When I joined RTE in 1966 the station was packed with producers and reporters from a wide range of backgrounds. But today it has no mavericks like me. Mavericks who would find Taylor's Pentecostal Protestantism as interesting as her boxing.
Can you imagine any RTE reporter saying: "Hey lads and lassies, there's this woman boxer in Bray who's a born-again Christian and keeps winning the world championship. How about sending a camera to her next fight and asking her if her faith has any bearing on how she uses her fists?" Such a reporter would be ridiculed by PC colleagues.
RTE reporters found Taylor's beliefs weird until the country gave them a reality check.
People who challenge the consensus are no longer recruited by RTE. Consequently Montrose is full of politically correct conformists who are not willing to contradict the canteen culture which clogs their creativity. Rather than react positively to constructive criticism, RTE responds by pretending critics like me do not exist. Our commercial rivals do not seem to suffer this fate.
And then there are the panel shows. Charlie Bird's panel last Sunday had three media heavies who failed to note that our two lead stories -- on the Olympic reception fiasco and on John Joe Nevin's problem with the publicans of Mullingar -- were rock solid. So much so they set the news agenda for other media for much of the following week.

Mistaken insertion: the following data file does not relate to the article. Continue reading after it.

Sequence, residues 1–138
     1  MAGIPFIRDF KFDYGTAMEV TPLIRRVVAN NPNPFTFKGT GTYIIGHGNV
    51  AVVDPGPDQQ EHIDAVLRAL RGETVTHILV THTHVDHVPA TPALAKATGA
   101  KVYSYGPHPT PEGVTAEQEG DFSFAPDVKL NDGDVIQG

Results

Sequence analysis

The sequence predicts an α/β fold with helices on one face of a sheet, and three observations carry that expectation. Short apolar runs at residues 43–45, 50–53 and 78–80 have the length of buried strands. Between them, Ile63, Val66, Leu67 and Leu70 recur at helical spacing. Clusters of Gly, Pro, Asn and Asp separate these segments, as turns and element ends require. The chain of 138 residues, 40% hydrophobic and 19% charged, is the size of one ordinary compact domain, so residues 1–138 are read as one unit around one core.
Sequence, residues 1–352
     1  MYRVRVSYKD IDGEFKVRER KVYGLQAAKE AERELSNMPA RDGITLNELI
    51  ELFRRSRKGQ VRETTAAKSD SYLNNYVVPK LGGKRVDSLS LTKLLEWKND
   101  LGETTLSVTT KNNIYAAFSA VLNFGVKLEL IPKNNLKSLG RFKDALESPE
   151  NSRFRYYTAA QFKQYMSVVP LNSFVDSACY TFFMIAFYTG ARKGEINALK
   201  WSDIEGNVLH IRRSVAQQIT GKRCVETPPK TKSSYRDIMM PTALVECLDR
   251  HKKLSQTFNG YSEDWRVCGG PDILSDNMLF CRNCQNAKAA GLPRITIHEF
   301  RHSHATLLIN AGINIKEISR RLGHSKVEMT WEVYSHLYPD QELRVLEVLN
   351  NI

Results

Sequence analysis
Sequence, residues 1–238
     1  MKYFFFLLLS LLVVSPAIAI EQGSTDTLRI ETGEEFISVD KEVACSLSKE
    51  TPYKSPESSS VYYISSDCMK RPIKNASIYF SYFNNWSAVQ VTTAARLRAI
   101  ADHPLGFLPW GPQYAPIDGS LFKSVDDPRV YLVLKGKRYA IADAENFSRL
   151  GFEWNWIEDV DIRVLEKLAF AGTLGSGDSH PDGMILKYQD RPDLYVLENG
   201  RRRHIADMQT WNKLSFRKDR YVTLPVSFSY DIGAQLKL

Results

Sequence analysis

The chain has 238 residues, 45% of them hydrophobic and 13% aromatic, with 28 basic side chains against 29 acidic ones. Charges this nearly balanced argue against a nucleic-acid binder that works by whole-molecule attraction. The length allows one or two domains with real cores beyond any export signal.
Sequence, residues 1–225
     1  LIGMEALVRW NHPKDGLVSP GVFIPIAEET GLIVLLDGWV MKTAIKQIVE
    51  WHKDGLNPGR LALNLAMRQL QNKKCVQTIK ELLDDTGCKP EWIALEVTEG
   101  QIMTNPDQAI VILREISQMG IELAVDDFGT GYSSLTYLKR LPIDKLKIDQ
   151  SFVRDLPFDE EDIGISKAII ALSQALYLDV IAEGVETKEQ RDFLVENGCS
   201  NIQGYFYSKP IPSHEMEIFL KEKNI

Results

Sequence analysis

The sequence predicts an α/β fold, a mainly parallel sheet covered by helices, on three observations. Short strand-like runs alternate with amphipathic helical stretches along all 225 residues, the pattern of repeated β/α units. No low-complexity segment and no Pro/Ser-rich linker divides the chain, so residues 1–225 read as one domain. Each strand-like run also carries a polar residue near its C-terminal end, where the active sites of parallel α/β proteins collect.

No panellist on Charlie Bird's media show mentio-ned my criticism of RTE's abysmal failure to send ca- meras to follow Katie Tayl-or's career, even after she won five European champ- ionships. Or my revelation that RTE had no real foota-ge of Katie Taylor's fights.
Last Sunday we did not get the credit we deserved for setting the news agenda with two solid leads. The impression was left that our Olympic reception story -- which blamed the officials and not Peter Taylor -- had been negated by the Sunday Times, and that our Nevin story was somewhat negative. But a few hours later Al Morris, a Taylor family friend, in a call to Charlie Bird's media show, confirmed that Peter Taylor had not blocked the reception as the Sunday Times had claimed. So why didn't the three media savvy members of the panel praise the Sunday Independent for getting it right and criticise the Sunday Times for getting it wrong?
Terry Prone floated the notion that we were somehow negative in reporting John Joe Nevin's anger about his relations being refused bar service in Mullingar. But as the week went on it became clear that this story too stood up strongly.
Compare that with Newstalk's Sunday Show, hosted by Fergus Finlay. A panellist criticised the Sunday Independent for allegedly implying there was poor Irish crowd support for Nevin's final fight because he was a traveller.
Finlay swiftly cut in to say the Sunday Independent was quoting criticism by top coach Billy Walsh.
That is why I now listen to Newstalk live and let RTE current affairs shows stew on Realplayer until I can bear to hear it.